As an educational publisher ramps up online distribution, the lesson plan calls for the market to decide
Photo: Dave and Demetra Turnbull of Chalkboard Publishing Inc.
DEMETRA TURNBULL WAS a teacher some 20 years ago when she first began to notice something was lacking in her classroom materials—a little Canadian content.
Then, approximately 13 years ago, that revelation manifested itself in the creation of Chalkboard Publishing Inc., a company she launched to provide teachers—and eventually parents—with useful tools for teaching young minds.
“I wanted to provide practical, engaging, Canadian material for teachers. It always came from the perspective of, if I was in the classroom, what would I need and what would I like to see,” says Turnbull.
“At that time, there were a lot of supplementary materials that were needed,” she continues. “I used to describe them as practical, ready-to-go materials for the classroom, such as activities, worksheets, multi-use educational materials. It caught on.”
What she was creating caused such a buzz, recalls her husband, Dave Turnbull, other teachers would line up at the school photocopier to get their own copies of her teaching materials.
“We want to keep growing the paper business, but grow the online as well. The market will set where the demand is” ―Demetra Turnbull
Before long, Chalkboard Publishing began distribution of its materials—aimed at kids in kindergarten to grade six— at Scholar’s Choice, a retailer favoured by many teachers for materials and teaching aids.
From there, things blossomed quickly, and today the company distributes its workbooks across Canada at a variety of retailers and chains, such as Costco, Staples and Walmart.
But while the aim of helping students to become happier and more confident learners has always been paramount, the company switched its primary market focus from teachers to parents, giving them needed resources to help their children at home.
“If we’re able to provide easy-to-understand, practical, Canadian-curriculum-based materials for parents to use at home—so it’s not a mystery how to work with their children and is, at the same time, fun and engaging—then we’ve done our job,” says Demetra. “Time is a precious and everybody has stuff going on in their lives—working long hours, or in our family, it happened to be health issues.”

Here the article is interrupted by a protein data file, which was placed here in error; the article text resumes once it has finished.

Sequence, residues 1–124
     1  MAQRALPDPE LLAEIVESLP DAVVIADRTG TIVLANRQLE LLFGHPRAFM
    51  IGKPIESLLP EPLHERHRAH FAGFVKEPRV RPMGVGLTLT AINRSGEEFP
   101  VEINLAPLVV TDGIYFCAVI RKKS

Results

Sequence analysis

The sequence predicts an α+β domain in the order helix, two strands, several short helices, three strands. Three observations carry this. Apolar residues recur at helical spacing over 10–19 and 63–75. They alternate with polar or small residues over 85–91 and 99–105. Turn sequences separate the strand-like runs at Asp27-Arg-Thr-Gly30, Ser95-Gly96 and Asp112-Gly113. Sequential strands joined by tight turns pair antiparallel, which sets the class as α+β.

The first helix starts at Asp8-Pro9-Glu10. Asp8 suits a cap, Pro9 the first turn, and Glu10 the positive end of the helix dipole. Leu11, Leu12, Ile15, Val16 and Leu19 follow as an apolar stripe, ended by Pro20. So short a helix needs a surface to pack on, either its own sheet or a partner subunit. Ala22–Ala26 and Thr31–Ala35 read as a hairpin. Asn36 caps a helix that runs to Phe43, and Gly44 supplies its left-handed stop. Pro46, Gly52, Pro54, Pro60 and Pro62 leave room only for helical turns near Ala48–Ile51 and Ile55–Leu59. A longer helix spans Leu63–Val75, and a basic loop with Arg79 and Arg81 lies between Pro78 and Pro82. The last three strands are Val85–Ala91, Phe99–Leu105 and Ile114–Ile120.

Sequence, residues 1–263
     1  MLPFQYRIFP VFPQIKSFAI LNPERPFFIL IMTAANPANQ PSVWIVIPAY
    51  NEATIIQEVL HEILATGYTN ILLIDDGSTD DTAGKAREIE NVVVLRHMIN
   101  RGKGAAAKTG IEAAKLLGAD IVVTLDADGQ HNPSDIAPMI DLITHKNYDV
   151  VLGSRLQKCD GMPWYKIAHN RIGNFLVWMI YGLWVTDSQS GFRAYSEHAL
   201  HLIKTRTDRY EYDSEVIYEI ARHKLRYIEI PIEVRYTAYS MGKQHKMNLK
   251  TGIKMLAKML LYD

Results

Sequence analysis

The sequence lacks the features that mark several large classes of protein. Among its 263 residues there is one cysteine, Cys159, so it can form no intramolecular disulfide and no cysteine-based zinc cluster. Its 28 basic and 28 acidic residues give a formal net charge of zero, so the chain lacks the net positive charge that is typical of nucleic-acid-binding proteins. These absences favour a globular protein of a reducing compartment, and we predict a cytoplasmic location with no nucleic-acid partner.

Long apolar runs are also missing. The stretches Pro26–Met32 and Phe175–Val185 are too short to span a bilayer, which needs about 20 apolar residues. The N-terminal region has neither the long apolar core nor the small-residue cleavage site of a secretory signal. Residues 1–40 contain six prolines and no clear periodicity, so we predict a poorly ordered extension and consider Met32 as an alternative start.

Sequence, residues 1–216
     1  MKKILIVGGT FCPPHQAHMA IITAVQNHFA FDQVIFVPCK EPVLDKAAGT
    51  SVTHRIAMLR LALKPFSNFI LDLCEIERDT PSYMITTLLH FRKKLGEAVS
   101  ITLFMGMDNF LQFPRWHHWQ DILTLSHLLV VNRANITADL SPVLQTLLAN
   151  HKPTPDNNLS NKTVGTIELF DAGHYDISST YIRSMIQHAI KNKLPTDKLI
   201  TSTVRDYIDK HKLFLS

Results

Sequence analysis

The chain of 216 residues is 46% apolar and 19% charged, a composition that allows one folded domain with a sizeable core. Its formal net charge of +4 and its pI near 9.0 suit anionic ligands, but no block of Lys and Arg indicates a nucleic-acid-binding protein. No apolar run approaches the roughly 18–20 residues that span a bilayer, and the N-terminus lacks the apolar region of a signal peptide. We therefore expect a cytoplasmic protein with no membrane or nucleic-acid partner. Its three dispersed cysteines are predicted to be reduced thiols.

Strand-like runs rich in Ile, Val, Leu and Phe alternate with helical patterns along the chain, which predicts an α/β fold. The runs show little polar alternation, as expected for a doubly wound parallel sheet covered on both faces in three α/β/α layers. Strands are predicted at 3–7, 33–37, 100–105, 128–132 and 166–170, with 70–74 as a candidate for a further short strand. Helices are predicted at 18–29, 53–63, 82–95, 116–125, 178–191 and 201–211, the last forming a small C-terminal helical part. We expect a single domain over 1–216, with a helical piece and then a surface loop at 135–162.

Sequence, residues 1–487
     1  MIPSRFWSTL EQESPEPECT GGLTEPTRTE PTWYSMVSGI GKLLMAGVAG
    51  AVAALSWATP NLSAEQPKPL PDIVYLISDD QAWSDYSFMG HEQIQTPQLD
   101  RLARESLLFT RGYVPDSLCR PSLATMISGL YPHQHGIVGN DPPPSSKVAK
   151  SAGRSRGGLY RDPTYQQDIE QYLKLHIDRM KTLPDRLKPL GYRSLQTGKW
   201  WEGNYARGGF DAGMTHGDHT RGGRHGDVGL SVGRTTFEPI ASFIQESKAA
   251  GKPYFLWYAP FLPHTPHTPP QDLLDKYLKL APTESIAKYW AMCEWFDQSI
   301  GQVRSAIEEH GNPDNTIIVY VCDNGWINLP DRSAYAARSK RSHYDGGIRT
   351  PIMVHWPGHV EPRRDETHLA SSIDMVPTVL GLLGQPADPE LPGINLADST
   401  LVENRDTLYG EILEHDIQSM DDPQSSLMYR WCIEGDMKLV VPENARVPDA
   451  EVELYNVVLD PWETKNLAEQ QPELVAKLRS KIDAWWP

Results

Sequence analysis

Dave, an investment banker and part-time faculty member at Ivey Business School, took on a greater role in Chalkboard some three years ago, largely after Demetra’s battle with breast cancer. He also expanded his role as the company started to move towards a greater online presence.
“The content is the same, the only thing that changes going online is how it’s distributed,” Dave says. “Instead of picking it up at a retail store, having physical paper—which is an expensive way to move the content—we now go directly to the consumer and they can print off as many copies as they want.”
Opting for a monthly subscription model, subscribers to the online platform also have access to all of the Chalkboard materials at any time.
As Demetra notes, even with an online subscription, when users are printing off exercises, kids still maintain a physical resource to utilize.
“There is still a place for kids to interact with paper because it gives them a sense of accomplishment when they complete something,” she explains. “They can show their individuality in the way they present their ideas. There’s a place for paper, but also for interactive learning. It’s about a combination of them both.”
While the online market is a relatively new area for Chalkboard, it has grown quickly. Online subscriptions now account for almost 30 per cent of the firm’s revenue.
Even so, the company remains committed to providing support to parents and teachers in whatever medium they prefer. “It’s 100 per cent important to keep up with physical books,” says Dave.
“We want to keep growing the paper business, but grow the online as well,” Demetra says. “I don’t know what that mix will look like, but it’s important to connect through retail stores and online. It’s keeping up with the needs of people today. Consumers like the convenience of being able to go back and get older materials, or if the need is to be more stimulated, they can go and get more. The market will set where the demand is.” Sean Meyer